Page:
1570s, "to strike back and forth, throw to and fro," from French bander, from root of band (n.2). The sense apparently evolved from "join together to oppose," to opposition itself, to "exchanging blows," then metaphorically, to volleying in tennis. Related: Bandied; bandying.
"person of mixed blood in America and Asia," 1748, perhaps from Spanish zambo "bandy-legged," which is probably from Latin scambus "bow-legged," from Greek skambos "bow-legged, crooked, bent." The word was used variously in different regions to indicate some mixture of African, European, and Indian blood; common senses were "child of black and Indian parentage" and "offspring of a black and a mulatto."
deformity in which a bone or joint is twisted outward from the center of the body; form of club-foot, 1800, from Latin valgus "bandy-legged, bow-legged, having the legs bent outward." Said to be probably related to Sanskrit valgati "to move up and down," Old English wealcan "to roll, move to and fro" (see walk (v.)), perhaps on the notion of "go irregularly or to and fro" [Tucker]. "Yet the main characteristic of 'bow-legged' is the crookedness of the legs, not 'going up and down' or 'to and fro'" [de Vaan] and there are phonetic difficulties. A classical word used in a different sense in modern medicine; also see varus.
late 14c., "go quickly, rush, dart, spring;" c. 1400, "to strike or thrust," perhaps from French esparer "to kick" (Modern French éparer), from Italian sparare "to fling," from Latin ex- (see ex-) + parare "make ready, prepare," hence "ward off, parry" (from PIE root *pere- (1) "to produce, procure"). Etymologists consider a connection with spur unlikely. Used in 17c. in reference to preliminary actions in a cock fight; figurative sense of "to dispute, bandy with words" is from 1690s. Extension to humans, in a literal sense, with meaning "to engage in or practice boxing" is attested from 1755. Related: Sparred; sparring.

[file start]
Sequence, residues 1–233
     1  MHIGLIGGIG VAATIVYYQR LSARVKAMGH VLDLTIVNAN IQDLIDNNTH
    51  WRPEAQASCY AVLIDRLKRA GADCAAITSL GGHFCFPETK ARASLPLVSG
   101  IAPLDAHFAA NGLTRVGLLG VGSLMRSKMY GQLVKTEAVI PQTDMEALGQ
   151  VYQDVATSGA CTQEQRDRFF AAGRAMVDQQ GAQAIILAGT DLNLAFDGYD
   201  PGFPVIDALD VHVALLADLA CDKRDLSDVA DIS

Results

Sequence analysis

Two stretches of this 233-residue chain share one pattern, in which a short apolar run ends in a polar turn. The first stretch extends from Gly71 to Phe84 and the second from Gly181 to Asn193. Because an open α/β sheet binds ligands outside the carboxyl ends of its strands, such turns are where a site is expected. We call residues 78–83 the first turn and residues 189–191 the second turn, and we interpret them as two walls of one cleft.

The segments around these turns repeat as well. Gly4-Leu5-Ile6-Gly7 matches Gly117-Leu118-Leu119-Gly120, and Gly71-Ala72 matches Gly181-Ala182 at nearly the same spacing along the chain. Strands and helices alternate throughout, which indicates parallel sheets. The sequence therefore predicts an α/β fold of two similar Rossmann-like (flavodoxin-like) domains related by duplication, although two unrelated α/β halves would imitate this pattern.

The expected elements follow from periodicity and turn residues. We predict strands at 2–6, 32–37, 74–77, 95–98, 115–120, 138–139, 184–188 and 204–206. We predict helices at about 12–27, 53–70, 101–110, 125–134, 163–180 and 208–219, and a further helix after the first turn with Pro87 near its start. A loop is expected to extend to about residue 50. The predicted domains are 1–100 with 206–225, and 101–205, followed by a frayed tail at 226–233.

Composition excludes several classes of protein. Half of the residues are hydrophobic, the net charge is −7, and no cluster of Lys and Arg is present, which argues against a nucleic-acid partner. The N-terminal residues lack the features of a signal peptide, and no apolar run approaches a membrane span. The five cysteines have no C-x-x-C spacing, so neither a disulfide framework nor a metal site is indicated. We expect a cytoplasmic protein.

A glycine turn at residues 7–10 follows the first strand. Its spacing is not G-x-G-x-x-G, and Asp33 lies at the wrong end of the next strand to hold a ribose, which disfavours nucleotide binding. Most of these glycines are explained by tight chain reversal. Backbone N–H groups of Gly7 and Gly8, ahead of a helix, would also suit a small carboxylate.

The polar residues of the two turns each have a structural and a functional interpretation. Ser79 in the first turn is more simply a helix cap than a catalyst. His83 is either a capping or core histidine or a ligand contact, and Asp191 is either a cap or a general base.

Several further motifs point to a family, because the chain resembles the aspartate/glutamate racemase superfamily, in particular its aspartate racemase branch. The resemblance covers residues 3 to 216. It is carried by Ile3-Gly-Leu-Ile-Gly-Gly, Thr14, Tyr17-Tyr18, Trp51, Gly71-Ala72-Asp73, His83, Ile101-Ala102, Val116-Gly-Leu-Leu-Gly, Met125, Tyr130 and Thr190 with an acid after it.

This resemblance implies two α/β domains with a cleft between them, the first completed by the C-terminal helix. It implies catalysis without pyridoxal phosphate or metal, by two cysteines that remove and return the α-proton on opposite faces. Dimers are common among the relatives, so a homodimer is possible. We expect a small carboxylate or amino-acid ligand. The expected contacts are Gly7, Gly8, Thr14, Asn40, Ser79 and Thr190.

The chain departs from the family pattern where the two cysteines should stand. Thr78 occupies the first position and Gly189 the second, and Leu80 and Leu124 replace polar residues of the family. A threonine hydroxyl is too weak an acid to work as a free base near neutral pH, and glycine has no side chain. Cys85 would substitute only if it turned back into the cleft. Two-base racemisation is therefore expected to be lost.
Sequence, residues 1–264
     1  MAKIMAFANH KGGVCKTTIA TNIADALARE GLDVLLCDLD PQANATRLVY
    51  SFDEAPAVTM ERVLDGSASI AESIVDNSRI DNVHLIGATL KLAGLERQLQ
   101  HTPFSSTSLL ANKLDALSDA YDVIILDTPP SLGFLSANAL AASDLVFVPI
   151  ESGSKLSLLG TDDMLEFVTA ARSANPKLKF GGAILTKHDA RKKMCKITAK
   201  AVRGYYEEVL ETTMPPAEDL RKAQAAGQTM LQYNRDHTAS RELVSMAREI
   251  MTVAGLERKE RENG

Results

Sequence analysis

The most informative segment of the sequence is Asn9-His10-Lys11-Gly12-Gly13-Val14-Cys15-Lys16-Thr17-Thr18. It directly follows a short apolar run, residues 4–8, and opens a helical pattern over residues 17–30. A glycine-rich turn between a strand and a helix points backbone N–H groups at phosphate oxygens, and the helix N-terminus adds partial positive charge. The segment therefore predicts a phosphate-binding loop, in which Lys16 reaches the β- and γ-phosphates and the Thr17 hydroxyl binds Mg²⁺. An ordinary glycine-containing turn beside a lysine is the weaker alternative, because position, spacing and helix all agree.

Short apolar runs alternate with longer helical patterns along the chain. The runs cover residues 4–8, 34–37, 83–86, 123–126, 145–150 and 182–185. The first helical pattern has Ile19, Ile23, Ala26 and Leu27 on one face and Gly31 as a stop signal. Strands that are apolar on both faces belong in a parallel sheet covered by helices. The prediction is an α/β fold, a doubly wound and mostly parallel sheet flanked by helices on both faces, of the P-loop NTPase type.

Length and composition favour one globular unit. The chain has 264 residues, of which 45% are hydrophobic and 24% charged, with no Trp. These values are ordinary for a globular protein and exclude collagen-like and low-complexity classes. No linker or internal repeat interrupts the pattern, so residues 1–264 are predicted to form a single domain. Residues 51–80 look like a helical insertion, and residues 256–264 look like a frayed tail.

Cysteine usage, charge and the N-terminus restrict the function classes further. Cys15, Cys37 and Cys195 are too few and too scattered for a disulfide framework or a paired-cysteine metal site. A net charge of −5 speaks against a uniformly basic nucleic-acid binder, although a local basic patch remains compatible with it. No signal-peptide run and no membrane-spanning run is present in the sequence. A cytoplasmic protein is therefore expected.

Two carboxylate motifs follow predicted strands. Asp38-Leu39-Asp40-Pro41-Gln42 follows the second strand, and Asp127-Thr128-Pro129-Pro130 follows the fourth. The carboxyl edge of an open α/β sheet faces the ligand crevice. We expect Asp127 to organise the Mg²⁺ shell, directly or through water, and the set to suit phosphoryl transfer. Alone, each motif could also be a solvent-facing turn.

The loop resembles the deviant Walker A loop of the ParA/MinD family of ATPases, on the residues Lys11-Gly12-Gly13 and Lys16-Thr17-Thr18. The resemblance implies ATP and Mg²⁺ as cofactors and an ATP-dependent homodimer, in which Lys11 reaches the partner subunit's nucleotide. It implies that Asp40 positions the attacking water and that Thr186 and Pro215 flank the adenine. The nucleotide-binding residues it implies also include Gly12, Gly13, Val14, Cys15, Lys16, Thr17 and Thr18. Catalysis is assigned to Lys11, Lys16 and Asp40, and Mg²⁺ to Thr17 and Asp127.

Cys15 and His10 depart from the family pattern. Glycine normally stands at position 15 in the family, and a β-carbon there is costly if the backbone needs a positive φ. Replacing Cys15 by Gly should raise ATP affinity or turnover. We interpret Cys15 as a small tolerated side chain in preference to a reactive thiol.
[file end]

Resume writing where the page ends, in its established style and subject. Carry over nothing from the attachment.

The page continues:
breed of short-legged, long-bodied dogs, 1844, from German Dachshund (15c.), from Dachs "badger" (Old High German dahs, 11c., cognate with Middle Dutch das "badger"), from Proto-Germanic *thahsuz "badger," perhaps literally "builder, the animal that builds," in reference to its burrowing (from PIE root *teks- "to weave," also "to fabricate"), but according to Watkins "more likely" borrowed from the same PIE source as the Celtic totemic name *Tazgo- (source of Gaulish Tazgo-, Gaelic Tadhg), originally "badger."
Second element is German Hund "dog" (see hound (n.)). Probably so called because the dogs were used in badger hunts, their long, thin bodies bred to burrow into setts and draw the animal out. French taisson, Spanish texon, tejon, Italian tasso are Germanic loan words.
Within the last few years this little hound has been introduced into England, a few couple having been presented to the Queen, from Saxony. The dachshund is a long, low, and very strong hound, with full head and sweeping ears. The fore legs are somewhat bandy, and when digging their action is very mole-like. [John Henry Walsh, "The Dog in Health and Disease," London, 1859]